When ER patients won’t “have a seat, please”
Another disconcerting statistic from America’s healthcare system: The national average rate of patients leaving emergency rooms without being seen—typically because of long wait times—rose from 1.7 percent between 1998 and 2006 to 2.7 percent between 2007 and 2008. In some areas, the problem is much worse: A fifth of patients leave before seeing a doctor.
These figures, sourced from government data and an analysis by Johns Hopkins University researchers and reported in a recent Wall Street Journal column, include some patients who ultimately don’t need treatment. But research shows that up to half the patients who leave emergency rooms without being seen do require immediate medical attention, and one study found that 11 percent were indeed hospitalized within the next week.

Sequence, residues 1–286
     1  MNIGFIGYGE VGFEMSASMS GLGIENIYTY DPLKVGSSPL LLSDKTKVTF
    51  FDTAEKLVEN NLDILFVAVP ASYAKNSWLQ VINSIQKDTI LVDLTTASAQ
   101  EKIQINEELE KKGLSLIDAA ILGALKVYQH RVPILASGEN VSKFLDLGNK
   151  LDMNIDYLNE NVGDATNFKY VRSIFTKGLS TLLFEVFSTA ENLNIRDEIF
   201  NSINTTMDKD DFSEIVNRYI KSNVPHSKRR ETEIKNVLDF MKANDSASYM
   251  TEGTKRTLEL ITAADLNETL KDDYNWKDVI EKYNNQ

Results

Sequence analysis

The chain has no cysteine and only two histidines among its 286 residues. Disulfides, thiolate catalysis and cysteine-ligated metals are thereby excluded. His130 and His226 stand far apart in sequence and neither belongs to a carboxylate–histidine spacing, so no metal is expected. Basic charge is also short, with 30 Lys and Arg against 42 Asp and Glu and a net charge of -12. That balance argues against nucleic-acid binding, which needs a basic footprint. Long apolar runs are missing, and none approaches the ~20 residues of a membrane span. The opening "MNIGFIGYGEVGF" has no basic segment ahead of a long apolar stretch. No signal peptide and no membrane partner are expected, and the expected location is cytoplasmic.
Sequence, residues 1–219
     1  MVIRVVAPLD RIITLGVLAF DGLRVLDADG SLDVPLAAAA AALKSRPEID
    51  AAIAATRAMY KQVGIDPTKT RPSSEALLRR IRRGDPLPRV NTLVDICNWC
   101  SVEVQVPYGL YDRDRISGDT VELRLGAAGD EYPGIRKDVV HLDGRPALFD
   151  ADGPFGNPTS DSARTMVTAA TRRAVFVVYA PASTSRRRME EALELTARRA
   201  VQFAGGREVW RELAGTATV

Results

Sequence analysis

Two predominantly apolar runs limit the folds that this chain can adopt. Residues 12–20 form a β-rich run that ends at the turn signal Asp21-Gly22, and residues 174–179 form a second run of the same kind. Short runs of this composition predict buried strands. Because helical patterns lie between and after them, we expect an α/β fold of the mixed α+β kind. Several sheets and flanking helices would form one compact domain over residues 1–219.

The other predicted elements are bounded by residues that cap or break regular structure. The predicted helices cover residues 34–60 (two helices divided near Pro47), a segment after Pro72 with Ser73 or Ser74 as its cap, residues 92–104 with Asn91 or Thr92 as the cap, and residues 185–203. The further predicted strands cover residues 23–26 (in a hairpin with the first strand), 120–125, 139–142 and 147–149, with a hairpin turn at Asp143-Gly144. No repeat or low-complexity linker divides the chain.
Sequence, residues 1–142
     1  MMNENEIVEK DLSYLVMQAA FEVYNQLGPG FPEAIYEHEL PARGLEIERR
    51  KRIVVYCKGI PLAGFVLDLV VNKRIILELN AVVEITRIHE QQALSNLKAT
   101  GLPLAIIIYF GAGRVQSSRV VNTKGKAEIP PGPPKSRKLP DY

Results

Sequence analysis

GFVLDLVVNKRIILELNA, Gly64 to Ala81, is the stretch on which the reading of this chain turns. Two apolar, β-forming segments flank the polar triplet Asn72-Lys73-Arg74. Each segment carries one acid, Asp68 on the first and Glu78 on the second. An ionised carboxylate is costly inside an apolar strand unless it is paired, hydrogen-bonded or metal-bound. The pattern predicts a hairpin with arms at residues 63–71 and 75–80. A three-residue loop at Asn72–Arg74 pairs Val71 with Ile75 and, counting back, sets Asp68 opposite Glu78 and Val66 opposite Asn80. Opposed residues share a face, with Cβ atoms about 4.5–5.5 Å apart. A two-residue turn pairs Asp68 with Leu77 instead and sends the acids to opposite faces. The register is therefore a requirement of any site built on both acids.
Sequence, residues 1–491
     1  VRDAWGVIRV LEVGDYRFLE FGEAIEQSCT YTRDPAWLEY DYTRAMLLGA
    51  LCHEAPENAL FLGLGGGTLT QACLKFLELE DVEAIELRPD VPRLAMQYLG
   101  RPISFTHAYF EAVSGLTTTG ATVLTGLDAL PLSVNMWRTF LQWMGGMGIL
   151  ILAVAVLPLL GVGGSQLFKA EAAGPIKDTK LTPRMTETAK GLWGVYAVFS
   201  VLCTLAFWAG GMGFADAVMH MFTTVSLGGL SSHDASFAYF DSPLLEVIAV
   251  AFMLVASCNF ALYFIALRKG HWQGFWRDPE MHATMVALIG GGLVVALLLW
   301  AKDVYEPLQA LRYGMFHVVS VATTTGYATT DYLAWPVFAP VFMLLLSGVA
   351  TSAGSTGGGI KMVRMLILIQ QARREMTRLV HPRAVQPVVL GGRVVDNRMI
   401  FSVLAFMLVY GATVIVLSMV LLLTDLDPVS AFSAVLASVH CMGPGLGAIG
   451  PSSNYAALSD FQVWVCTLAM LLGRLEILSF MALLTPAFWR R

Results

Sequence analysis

Several-hour waits have become commonplace at U.S. hospitals as the number of emergency departments has fallen by nearly a third over the past two decades while the number of patients seeking care has risen almost 40 percent.
“People who walk out without being seen are a measure of how we are basically failing as a health system in our ability to deliver important care in emergency departments,” Renee Hsia, an assistant professor of emergency medicine at the University of California, San Francisco, told The Wall Street Journal.
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